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Butler guilty in papal leaks; pardon likely

Gabriele

– The pope’s butler was convicted Saturday of stealing the pontiff’s private documents and leaking them to a journalist in the gravest Vatican security breach in recent memory. He was sentenced to 18 months in prison, but the Vatican said a papal pardon was likely.

Judge Giuseppe Dalla Torre read the verdict aloud two hours after the three-judge Vatican panel began deliberating Paolo Gabriele’s fate. Gabriele stood impassively as it was read out in the tiny wood-paneled tribunal tucked behind St. Peter’s Basilica.

The sentence was reduced in half to 18 months from three years because of a series of mitigating circumstances, including that Gabriele had no previous record, had acknowledged that he had betrayed the pope and was convinced, “albeit erroneously” that he was doing the right thing, Dalla Torre said.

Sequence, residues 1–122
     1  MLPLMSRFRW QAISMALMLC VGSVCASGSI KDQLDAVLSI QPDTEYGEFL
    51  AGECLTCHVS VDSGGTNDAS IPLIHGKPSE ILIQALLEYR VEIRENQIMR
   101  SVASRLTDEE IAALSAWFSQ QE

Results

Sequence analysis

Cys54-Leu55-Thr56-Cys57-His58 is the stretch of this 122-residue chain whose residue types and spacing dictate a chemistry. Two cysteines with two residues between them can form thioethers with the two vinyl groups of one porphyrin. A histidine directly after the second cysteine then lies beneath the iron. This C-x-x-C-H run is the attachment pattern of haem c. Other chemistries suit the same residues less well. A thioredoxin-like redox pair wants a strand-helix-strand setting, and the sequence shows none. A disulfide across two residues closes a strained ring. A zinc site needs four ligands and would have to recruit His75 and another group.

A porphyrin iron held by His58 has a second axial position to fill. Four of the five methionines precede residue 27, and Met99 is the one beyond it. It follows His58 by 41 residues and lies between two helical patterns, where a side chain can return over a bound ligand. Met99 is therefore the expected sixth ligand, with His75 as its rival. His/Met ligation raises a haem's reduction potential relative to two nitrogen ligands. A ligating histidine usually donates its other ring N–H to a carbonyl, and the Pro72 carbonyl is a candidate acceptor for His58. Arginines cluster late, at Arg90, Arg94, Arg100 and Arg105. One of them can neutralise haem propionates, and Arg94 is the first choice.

For now, he is serving his sentence under house arrest.

Gabriele was accused of stealing the pope’s private correspondence and passing it on to journalist Gianluigi Nuzzi, whose book revealed the intrigue, petty infighting and allegations of corruption and homosexual liaisons that plague the leadership of the Roman Catholic Church.

He has said he leaked the documents because he felt the pope wasn’t being informed of the “evil and corruption” in the Vatican, and that exposing the problems publicly would put the church back on the right track.

In his final appeal to the court Saturday morning, Gabriele insisted he was no thief.

“The thing I feel strongly in me is the conviction that I acted out of exclusive love, I would say visceral love, for the church of Christ and its visible head,” Gabriele told the court in a steady voice. “I do not feel like a thief.”

Gabriele’s attorney, Cristiana Arru, said the sentence was “good, balanced” and said she was awaiting the judges’ written reasoning before deciding whether to appeal.

Nuzzi’s book, “His Holiness: Pope Benedict XVI’s Secret Papers” convulsed the Vatican for months and prompted an unprecedented response, with the pope naming a commission of cardinals to investigate the origin of the leaks alongside Vatican magistrates.

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